President Trump's Other Infrastructure Plan—Defunding Grant Programs

The showman captured America's attention with a promise to "make America great again" with a $1 trillion infrastructure plan. Receiving scant attention are the infrastructure grant programs he'll cut in order to fund massive defense spending.
March 16, 2017, 8am PDT | Irvin Dawid
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Expect massive cuts to the TIGER grant program, if not elimination, reports Melanie Zanona for The Hill, because "[t]he administration is proposing to increase defense spending by $54 billion and cut non-defense spending by the same amount."

“It’s very inconsistent,” Rep. John Delaney (D-Md.) told The Hill. “The real question is, with the cuts he’s proposing to pay for this defense increase, how do we pay for the infrastructure plan?”

Zanona suggests that the Transportation Investment Generating Economic Recovery (TIGER) grant program, "set up by the Obama administration’s 2009 economic stimulus package, could be on the chopping block."

Since then, the competitive program has distributed $5.1 billion to more than 400 projects across the country, according to the latest estimate from the Department of Transportation (DOT). [See tag: Tiger Grants].

“Since the loss of earmarks, this is one of the only programs that allows local and country governments to directly access federal funds,” Beth Osborne, senior policy adviser for Transportation for America, said at a Senate hearing on Wednesday.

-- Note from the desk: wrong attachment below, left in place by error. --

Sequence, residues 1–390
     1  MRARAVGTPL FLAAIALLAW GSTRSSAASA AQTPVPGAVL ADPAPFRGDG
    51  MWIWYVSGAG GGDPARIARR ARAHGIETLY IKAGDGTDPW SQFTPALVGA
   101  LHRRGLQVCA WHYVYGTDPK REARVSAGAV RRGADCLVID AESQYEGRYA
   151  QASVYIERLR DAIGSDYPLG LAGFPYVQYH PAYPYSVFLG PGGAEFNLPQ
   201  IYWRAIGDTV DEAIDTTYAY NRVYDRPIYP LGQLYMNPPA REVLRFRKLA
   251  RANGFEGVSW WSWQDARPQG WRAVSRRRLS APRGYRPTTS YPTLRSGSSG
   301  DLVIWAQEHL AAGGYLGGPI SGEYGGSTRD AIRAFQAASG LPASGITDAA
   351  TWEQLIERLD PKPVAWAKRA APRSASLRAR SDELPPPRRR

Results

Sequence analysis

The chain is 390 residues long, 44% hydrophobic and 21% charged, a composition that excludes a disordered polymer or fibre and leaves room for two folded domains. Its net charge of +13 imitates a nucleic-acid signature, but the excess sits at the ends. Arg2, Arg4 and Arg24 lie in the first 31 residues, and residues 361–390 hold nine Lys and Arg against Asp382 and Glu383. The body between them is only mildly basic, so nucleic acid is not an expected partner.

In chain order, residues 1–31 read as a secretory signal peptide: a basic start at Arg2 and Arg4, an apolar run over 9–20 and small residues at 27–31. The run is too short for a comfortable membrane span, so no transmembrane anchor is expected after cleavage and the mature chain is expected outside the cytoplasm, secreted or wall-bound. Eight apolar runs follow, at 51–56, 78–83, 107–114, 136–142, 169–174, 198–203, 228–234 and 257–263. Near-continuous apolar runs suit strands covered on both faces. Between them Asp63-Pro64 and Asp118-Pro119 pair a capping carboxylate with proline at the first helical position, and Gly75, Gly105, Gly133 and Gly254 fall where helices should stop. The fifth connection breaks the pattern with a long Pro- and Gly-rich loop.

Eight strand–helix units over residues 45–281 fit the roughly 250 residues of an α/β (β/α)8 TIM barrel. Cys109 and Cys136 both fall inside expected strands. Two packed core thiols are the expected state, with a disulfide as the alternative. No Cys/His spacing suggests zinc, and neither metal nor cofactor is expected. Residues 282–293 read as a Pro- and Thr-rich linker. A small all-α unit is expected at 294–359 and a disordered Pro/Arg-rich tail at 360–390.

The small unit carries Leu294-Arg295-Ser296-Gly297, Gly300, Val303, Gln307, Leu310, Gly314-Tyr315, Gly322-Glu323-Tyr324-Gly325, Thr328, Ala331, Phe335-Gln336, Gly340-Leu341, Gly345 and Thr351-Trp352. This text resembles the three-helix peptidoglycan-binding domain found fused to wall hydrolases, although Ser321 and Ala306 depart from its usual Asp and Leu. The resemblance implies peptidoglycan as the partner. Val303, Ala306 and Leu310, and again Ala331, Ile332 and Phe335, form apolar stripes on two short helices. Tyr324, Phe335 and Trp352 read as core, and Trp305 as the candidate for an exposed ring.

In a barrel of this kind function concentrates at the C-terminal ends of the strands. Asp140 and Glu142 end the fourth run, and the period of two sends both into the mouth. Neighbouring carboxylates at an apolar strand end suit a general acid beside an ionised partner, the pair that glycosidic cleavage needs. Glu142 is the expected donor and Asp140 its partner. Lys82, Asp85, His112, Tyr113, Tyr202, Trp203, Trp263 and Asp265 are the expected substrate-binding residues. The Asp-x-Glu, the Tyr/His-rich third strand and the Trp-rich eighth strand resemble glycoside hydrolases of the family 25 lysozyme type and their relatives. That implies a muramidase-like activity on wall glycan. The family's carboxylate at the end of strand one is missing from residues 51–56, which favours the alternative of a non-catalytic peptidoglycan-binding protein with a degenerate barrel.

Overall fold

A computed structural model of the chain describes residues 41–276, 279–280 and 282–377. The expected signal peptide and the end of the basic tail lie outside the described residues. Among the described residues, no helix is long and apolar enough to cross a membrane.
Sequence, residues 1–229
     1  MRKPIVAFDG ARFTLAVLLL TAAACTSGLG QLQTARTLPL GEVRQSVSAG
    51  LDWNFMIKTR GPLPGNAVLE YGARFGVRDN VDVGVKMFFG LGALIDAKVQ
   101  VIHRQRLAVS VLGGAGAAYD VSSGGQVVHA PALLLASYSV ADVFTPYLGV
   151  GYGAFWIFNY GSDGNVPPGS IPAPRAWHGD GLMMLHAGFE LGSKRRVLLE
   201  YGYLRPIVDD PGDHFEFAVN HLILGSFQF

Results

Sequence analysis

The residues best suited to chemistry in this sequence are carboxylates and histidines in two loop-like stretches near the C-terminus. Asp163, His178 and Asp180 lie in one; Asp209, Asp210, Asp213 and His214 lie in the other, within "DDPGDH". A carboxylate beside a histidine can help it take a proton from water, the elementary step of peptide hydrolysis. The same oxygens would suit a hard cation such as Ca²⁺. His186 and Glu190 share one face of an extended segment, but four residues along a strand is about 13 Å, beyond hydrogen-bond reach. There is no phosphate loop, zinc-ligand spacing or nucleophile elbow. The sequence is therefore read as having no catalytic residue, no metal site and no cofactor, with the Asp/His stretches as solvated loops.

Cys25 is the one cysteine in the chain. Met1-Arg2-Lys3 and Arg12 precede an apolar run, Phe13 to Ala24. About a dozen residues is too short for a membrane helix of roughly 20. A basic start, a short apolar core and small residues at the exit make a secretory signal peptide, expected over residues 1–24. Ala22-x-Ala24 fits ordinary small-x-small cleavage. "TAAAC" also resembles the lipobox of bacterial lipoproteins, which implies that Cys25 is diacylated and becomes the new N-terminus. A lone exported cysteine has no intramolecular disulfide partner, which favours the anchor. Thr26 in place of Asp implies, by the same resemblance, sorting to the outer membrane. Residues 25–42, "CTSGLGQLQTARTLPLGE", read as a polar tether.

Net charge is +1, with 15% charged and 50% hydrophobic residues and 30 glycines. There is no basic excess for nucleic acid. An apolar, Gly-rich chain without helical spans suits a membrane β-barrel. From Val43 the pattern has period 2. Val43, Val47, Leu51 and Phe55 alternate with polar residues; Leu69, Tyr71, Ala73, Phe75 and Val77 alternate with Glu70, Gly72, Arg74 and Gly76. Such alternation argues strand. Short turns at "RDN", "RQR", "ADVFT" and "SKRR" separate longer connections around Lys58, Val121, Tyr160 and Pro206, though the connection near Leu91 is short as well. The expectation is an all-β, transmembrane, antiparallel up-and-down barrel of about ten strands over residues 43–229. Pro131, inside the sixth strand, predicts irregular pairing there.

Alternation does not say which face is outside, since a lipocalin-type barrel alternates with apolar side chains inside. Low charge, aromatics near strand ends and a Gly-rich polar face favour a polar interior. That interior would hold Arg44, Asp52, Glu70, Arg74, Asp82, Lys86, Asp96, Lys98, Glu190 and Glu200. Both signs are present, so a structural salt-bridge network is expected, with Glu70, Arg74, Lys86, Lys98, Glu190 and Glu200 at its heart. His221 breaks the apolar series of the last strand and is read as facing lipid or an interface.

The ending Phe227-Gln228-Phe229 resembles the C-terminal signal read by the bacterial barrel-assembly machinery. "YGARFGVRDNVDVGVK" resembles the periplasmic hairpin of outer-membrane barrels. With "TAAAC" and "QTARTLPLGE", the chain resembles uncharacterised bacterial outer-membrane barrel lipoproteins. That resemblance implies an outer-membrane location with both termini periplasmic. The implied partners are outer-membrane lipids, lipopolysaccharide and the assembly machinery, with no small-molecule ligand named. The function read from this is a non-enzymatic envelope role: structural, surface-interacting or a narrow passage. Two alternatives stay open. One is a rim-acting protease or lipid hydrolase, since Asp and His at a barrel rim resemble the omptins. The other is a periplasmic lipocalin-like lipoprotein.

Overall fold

Another is the Fostering Advancements in Shipping and Transportation for the Long-term Achievement of National Efficiencies (FASTLANE) grants. "The FASTLANE program was established in the Fixing America’s Surface Transportation (FAST) Act to fund critical freight and highway projects across the country," according to D.O.T.

Where's Transportation Secretary Chao?

Chao expressed support for TIGER grants and the Transportation Infrastructure Finance and Innovation Act (TIFIA) loan program during her confirmation hearing.

But if Trump’s budget hews closely to a blueprint published by the conservative Heritage Foundation, as The Hill reported last month, it could entirely eliminate the annual $510 million TIGER program.

Also dependent on Trump's budget is the fate of the Caltrain commuter rail electrification project after Chao deferred approving a $647 grant, the topic of a March 13 New York Times editorial.

The alternative to elimination of the TIGER program, also pessimistic, is that it would be "slashed," stated Sen. Susan Collins (R-Maine) at a March 8 meeting of the Senate Appropriations Subcommittee on Transportation, Housing and Urban Development, which she chairs.

“If they cut TIGER grants, I don’t know where that gets them,” said Rep. Peter DeFazio (D-Ore.), ranking member on the House Transportation and Infrastructure Committee. “It would seem to be contradictory” to the administration's infrastructure pledge.

Hat tip to Stephen Lee DavisTransportation for America.

Full Story:
Published on Sunday, March 12, 2017 in The Hill
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